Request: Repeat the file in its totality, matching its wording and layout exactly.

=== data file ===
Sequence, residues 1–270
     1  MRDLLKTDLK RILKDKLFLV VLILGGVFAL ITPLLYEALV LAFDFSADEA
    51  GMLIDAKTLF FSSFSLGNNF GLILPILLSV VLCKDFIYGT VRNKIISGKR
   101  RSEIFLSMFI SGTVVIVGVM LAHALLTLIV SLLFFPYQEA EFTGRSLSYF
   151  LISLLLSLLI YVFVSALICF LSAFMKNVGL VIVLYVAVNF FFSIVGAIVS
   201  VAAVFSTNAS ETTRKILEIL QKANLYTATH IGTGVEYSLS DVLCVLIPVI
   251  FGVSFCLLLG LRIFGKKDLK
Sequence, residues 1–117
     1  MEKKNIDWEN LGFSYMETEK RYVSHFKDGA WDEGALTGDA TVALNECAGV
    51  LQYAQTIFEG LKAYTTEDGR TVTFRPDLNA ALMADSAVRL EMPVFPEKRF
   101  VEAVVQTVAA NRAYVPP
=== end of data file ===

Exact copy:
Sequence, residues 1–270
     1  MRDLLKTDLK RILKDKLFLV VLILGGVFAL ITPLLYEALV LAFDFSADEA
    51  GMLIDAKTLF FSSFSLGNNF GLILPILLSV VLCKDFIYGT VRNKIISGKR
   101  RSEIFLSMFI SGTVVIVGVM LAHALLTLIV SLLFFPYQEA EFTGRSLSYF
   151  LISLLLSLLI YVFVSALICF LSAFMKNVGL VIVLYVAVNF FFSIVGAIVS
   201  VAAVFSTNAS ETTRKILEIL QKANLYTATH IGTGVEYSLS DVLCVLIPVI
   251  FGVSFCLLLG LRIFGKKDLK
Sequence, residues 1–117
     1  MEKKNIDWEN LGFSYMETEK RYVSHFKDGA WDEGALTGDA TVALNECAGV
    51  LQYAQTIFEG LKAYTTEDGR TVTFRPDLNA ALMADSAVRL EMPVFPEKRF
   101  VEAVVQTVAA NRAYVPP